By Mike Raynes
Middle schooler uses computational analysis to identify gene mutation patterns in primary tumors that can predict recurrence and metastasis.
Most 12-year-old middle school students spend their summers engaged in the pursuit of leisure and ice cream. However, for Edison seventh grader Atharva Kulkarni, apart from ice cream, water parks and beaches, summer is a time to continue his passion – cancer research – while also attending a three-week Rutgers Summer Scholars Program in New Brunswick. Of the 145 students in the program, the majority are high school juniors and seniors.
UPDATE--05/14/2020: Atharva has continued to develop his interest in cancer research and computational data analysis. He recently participated in the BOLD (BioCONECT Oncology Leadership Development) Initiative at the Cancer Institute of New Jersey. He has also been selected to participate in a five-month internship starting this summer for a tech startup accelerator. The Summer Scholars program opened his eyes to a number of possible careers in research, medicine, and more. According to his father, it "broadened his horizons" and made him realize "how far he can go." Atharva is currently waiting for a response to his proposal in a COVID challenge, where he worked on finding a solution to this unprecedented pandemic.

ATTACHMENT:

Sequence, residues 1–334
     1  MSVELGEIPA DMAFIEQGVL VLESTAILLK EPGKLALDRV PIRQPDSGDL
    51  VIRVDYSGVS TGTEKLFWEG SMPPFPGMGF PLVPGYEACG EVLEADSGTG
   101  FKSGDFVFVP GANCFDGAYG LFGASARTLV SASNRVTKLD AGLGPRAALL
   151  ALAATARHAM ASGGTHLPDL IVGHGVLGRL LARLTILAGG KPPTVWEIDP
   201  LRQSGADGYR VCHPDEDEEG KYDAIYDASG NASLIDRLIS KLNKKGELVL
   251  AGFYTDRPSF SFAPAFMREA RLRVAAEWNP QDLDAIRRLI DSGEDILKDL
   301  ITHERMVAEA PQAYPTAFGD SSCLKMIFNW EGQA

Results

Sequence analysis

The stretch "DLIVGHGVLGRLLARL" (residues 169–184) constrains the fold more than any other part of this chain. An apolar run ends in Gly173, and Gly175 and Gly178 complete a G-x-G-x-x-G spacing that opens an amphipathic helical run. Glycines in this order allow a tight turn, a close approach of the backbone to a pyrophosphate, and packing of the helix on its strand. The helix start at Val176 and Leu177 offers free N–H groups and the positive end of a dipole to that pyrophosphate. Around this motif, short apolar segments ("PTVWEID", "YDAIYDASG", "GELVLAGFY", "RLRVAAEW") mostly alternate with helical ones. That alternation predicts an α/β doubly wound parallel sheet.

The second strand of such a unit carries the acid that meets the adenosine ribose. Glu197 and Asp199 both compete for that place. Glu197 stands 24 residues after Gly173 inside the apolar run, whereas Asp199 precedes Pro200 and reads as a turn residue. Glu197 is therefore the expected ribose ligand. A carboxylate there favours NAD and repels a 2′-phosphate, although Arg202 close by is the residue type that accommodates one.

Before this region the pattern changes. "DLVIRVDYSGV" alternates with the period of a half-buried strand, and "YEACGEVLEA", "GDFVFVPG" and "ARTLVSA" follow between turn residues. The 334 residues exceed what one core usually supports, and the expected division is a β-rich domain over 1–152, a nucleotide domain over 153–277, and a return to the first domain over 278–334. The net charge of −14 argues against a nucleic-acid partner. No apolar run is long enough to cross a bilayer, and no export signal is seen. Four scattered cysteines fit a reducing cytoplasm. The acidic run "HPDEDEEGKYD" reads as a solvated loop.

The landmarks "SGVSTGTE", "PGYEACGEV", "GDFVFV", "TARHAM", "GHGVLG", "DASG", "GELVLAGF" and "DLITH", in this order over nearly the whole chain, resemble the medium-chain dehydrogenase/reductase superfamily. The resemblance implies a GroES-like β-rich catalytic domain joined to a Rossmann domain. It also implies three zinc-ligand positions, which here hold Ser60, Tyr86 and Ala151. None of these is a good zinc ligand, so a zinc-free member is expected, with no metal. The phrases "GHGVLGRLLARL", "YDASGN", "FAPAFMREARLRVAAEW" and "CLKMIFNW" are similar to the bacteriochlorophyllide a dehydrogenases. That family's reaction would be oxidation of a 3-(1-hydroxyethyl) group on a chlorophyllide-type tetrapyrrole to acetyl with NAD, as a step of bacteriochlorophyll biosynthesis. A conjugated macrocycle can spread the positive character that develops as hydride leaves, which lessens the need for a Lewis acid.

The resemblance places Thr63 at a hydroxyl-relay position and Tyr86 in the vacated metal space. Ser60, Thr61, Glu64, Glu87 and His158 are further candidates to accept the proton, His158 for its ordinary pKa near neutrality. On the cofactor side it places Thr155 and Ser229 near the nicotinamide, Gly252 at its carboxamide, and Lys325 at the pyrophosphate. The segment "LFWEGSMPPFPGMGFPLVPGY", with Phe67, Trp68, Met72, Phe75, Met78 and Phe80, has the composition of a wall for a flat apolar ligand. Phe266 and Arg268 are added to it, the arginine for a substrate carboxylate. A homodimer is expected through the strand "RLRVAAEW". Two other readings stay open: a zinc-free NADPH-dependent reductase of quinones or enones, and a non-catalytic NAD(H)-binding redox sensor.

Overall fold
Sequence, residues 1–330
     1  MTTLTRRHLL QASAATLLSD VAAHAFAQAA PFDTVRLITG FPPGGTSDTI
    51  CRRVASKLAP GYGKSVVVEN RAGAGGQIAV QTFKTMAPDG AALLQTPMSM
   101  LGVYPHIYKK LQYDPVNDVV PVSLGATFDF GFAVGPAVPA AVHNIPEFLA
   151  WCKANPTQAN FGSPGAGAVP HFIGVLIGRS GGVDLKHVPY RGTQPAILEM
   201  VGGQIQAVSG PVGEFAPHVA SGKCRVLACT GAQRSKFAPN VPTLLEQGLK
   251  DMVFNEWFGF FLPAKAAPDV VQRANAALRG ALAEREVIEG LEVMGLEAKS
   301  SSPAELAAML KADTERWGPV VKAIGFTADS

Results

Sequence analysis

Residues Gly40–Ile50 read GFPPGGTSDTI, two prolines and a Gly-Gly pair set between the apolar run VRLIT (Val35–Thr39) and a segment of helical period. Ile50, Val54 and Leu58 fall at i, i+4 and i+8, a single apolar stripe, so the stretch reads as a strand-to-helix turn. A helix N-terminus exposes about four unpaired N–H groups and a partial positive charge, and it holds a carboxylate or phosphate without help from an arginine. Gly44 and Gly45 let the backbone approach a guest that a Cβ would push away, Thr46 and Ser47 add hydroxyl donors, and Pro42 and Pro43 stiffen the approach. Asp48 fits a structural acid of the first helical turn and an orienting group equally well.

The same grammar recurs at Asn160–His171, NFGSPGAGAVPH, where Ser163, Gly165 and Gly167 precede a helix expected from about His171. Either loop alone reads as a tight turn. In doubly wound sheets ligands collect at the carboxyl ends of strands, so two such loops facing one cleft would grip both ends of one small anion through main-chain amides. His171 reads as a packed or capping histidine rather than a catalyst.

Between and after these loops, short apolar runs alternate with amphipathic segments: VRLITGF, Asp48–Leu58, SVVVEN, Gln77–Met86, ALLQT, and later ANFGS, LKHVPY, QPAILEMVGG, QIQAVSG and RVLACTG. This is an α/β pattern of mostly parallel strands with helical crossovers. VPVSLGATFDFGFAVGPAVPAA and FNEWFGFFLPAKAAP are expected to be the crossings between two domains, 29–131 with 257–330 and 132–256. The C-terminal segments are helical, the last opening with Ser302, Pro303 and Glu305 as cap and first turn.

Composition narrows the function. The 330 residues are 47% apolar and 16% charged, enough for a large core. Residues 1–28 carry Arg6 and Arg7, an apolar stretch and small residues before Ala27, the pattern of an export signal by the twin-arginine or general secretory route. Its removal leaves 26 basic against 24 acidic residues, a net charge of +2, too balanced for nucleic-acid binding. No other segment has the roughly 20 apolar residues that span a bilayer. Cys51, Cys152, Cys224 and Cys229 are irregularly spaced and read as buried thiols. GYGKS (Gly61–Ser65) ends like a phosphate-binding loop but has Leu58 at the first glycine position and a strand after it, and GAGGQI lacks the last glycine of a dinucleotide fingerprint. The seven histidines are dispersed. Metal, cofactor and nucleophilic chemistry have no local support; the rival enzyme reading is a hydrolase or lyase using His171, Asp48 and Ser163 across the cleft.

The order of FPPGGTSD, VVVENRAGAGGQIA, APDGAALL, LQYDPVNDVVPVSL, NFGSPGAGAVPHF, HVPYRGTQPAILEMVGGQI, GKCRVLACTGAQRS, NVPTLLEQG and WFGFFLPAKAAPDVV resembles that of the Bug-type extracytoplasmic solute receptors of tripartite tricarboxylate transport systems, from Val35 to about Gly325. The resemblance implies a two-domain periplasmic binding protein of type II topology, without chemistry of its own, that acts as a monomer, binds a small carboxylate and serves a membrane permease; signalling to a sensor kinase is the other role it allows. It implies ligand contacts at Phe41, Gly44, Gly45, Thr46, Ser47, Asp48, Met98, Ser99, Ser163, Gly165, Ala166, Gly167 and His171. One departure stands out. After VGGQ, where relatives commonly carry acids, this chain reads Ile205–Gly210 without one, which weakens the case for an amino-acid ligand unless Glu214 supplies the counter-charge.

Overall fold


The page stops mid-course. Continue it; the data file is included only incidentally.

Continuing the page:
Atharva continues to maintain a broad array of interests. He is a dedicated musician, and along with his participation in classical Indian vocal performance, he has begun learning to play a traditional Indian instrument called the Tabla. He also is in biology and ThinSat clubs and on a competitive neuroscience team called Brain Bee. He credits the Summer Scholars program with sparking a love and passion for cancer research that he looks forward to pursuing further.